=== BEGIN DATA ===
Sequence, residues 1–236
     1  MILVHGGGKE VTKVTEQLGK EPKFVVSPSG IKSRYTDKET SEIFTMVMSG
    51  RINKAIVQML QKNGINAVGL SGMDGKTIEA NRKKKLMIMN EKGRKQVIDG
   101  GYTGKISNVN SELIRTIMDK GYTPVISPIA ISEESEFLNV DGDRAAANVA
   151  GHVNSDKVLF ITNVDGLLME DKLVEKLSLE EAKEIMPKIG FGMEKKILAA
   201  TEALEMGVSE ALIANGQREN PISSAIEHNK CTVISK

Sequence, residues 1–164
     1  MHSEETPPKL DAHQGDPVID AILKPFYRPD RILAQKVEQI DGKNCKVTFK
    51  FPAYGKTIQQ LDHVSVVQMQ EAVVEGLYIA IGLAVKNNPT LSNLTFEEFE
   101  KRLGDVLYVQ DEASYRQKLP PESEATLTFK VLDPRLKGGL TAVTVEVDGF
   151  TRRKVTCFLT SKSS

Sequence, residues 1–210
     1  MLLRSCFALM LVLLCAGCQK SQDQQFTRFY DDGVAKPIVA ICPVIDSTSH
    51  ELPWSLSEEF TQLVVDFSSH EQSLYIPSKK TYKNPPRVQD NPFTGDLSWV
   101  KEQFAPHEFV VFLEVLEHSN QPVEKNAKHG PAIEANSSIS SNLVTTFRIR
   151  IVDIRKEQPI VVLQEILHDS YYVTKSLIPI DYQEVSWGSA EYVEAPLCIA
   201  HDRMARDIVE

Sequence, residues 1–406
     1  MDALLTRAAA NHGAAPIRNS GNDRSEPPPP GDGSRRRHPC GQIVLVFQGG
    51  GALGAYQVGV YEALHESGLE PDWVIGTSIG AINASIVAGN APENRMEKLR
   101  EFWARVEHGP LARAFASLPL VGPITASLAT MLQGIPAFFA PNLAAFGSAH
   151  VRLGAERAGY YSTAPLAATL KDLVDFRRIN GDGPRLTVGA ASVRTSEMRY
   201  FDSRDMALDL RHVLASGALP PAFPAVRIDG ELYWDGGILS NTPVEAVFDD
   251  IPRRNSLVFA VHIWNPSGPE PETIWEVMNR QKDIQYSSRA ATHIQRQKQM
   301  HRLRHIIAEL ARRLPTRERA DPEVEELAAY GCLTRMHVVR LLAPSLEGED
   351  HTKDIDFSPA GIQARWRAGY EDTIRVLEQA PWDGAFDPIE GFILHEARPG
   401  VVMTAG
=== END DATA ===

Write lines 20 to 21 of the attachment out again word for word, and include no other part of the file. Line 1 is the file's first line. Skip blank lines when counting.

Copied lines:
    51  GALGAYQVGV YEALHESGLE PDWVIGTSIG AINASIVAGN APENRMEKLR
   101  EFWARVEHGP LARAFASLPL VGPITASLAT MLQGIPAFFA PNLAAFGSAH